Chicago dominated the period in the National League winning pennants by as many as 15 games in 1880 and by as few as two in 1885, In the 1885 and 1886 they faced the American Association champion St. Louis Browns (now the Cardinals) in the 1880s version of the World Series. In the first Series they played to a 3-3-1 tie with most newspapers indicating the White Stockings played better ball. In 1886, the Browns won the competition four games to two.

After 1886, the White Stockings never again won a pennant (by the next pennant they were the Cubs). They stayed close for a few years but as the players aged, were traded, or jumped to the Player’s League in 1890, Chicago fell back into the pack. But for the period of the 1880s they were a truly great team.

Hollywood Meets the Diamond

May 3, 2013
John McGraw, budding Thespian

John McGraw, budding Thespian

As something of a followup to the last post, I decided to look more heavily into Hollywood’s love affair with baseball. I’ve done some of this kind of thing before, but this time I decided to see if I could put together a full team of players who have appeared on either TV or in the movies playing someone other than themselves (or a baseball player). It got a little silly for a while, but this is a pretty good set of players (I wonder if Olivier could hit).  I had to violate the playing someone else or not being a ball player a few times, but you’ll see why when you read them. I’m sure I missed a couple of greats, so feel free to add to the list.

1st base–Lou Gehrig. Back on 26 February 2010 I did a review of Gehrig’s foray into Westerns. He did an oater called “Rawhide” a year before he retired.

2nd base–Jackie Robinson. I also did a review of Robinson’s movie “The Jackie Robinson Story.” Gehrig did a better acting job. OK, this violates the play someone other than themselves (or a ball player) caveat, but it’s Robinson.

shortstop–Maury Wills. Wills shows up with four credits, three as a coach. The other is on “Get Smart”, the old spy spoof.

3rd base–Ron Cey. In 1987 he shows up as an uncredited member of the band in “Murder, She Wrote.”

outfield–Babe Ruth. Again I violated my “no ball player” rule, but it’s the Babe. He played a ball player named Babe Dugan in a film called “Babe Comes Home” in 1927. The IMDB indicates that the movie is lost.

outfield–Ty Cobb. Ok this time I violated the “appeared” part of my criteria. During the 1950s, Cobb wrote five stories and screenplays that showed up on television. Two were for a show called “The Adventures of Champion” (ole Champ was a horse).

outfield–Duke Snider. The Duke shows up with five credits. In one he plays himself, in a second he’s a center fielder. In the other three he has a role. One of those is opposite another former ball player, Chuck Connors, in “The Rifleman.”

catcher–Joe Garagiola. Best catcher I could find who played something other than himself. He appeared in one episode of “Police Story” in 1975. He played a cop.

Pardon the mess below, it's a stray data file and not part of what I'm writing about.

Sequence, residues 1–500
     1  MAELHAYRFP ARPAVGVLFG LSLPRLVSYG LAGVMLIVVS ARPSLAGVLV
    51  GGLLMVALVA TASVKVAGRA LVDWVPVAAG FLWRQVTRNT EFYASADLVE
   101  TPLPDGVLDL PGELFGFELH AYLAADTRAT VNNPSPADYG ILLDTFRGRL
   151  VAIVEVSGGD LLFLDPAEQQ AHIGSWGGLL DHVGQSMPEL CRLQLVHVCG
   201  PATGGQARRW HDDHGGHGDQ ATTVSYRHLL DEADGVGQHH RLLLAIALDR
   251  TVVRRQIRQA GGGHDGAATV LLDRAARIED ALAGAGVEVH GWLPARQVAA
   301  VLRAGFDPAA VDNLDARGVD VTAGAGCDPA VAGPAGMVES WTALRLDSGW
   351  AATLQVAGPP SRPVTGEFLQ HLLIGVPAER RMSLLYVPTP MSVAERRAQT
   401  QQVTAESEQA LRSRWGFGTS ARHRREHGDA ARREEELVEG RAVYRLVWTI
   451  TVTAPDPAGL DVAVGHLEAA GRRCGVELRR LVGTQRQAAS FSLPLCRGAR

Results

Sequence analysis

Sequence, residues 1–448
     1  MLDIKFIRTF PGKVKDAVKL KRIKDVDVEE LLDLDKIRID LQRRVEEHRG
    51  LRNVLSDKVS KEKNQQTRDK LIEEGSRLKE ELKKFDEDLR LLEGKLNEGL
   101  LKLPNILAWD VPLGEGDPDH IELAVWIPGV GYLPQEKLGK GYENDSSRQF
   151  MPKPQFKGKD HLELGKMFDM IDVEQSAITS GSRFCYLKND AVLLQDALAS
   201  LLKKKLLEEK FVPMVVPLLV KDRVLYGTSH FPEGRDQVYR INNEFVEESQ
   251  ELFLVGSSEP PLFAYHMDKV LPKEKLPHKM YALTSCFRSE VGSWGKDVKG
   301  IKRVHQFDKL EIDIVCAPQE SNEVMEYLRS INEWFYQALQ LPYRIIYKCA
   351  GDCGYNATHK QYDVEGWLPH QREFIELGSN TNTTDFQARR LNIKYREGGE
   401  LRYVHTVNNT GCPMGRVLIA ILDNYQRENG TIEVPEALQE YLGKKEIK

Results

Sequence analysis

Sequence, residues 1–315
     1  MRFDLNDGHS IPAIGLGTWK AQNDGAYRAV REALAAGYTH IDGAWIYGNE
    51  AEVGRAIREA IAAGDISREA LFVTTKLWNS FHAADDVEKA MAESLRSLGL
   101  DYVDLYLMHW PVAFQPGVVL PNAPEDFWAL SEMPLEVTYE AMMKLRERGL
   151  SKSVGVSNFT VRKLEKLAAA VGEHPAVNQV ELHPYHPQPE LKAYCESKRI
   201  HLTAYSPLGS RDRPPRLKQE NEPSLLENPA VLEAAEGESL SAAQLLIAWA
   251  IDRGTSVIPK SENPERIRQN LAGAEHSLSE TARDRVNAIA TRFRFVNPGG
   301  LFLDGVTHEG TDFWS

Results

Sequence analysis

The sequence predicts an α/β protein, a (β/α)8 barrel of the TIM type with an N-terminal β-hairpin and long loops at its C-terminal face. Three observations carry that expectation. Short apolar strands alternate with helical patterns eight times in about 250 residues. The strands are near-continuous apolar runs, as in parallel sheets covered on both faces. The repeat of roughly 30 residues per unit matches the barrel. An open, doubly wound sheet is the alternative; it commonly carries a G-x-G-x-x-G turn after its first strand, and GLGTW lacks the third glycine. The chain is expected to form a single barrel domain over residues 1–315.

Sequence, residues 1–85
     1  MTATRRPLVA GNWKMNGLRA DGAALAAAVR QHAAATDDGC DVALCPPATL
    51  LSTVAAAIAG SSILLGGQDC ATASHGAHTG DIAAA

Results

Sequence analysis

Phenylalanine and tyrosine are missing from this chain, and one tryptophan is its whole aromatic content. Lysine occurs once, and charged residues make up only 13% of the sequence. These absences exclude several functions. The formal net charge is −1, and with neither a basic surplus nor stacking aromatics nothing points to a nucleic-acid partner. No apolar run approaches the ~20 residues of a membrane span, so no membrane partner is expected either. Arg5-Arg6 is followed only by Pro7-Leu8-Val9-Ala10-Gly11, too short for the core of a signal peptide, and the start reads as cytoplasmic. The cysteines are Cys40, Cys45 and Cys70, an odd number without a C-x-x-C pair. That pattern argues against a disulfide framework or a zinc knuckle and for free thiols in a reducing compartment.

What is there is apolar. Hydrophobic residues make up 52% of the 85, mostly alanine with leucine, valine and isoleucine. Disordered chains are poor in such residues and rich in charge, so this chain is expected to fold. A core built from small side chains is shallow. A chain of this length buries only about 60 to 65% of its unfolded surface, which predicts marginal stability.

DH–Mike Donlin. Of all these guys, Donlin had the best movie career. I did a post on him on 5 January 2011. He ended up with 63 credits, most of them silents.

pitcher–Sandy Koufax. Way back when he was still an unknown, Koufax got into four TV shows: two Westerns, two cop shows. One of the cop shows was in 1959, the other three credits were in 1960.

manager–John McGraw. In 1914, McGraw appeared as Detective Swift in a short called “Detective Swift.” To top it off, Hans Lobert’s wife (cleverly called “Mrs. Hans Lobert) has a role in the short.

Not a bad list, right? There are an inordinate number of Los Angeles Dodgers in the list. That’s not because I’m a fan (although I am), but it makes great sense that the team in LA is going to have a large number of players available locally to show up for bit parts in both the moves and TV.

This list also excludes those players who showed up on Broadway (like Donlin) or in Vaudeville. McGraw and Christy Mathewson had a vaudeville act where they showed the audience how to throw a pitch. The earliest one of these I could find was an 1880s reference that indicated that King Kelly would appear on stage and dance while the band played “Slide, Kelly, Slide.” We’ve come a long way, I think.

Ernie, Bubbles, and the King

July 21, 2010

It’s really hard not to like Joe Mauer. He’s a heck of a hitter, he’s a darned fine catcher, and he seems to be a good teammate and a thoroughly likeable human being. He’s now won three American League batting titles. No other AL catcher ever won even a single batting title. The National League’s batting title has been owned by a catcher three times and, depending on how you look at it, one possible. Here’s a very brief look at the men who, other than Joe Mauer, have won batting titles while spending much of their time behind the plate.

Ernie Lombardi

Ernie Lombardi won National League batting titles in 1938 with Cincinnati and again in 1942 with the New York Giants. Lombardi was a big, largely immobile catcher who could hit a ton and ran like a turtle. He’s sometimes regarded as the slowest man to ever play Major League baseball. A joke attributed to Dizzy Dean goes that Lombardi was so slow that he could turn a triple into a close play at first. Maybe, but he did have 27 triples during his career (mostly played in Crosley Field and the Polo Grounds, both of which had huge outfields). For his career he hit .306 with 190 home runs, a .460 slugging percentage, and 1792 hits over 1853 games. On the field he’s probably best known for being bowled over by Charlie Keller during the final game of the 1939 World Series. Unable to get up (the reason tends to change with the author who’s telling it), he let two more runs score before being able to regain his balance and senses. He took a lot of heat for the play, but the series was a Yankees sweep. He was part of the 1940 World Series champion Reds and made the Hall of Fame in 1986. There’s a nice fairly detailed biography of him in Bill James’ Historical Baseball Abstract. And before someone asks, as far as I know he is not related to the Green Bay Packers’ Vince Lombardi.

Bubbles Hargrave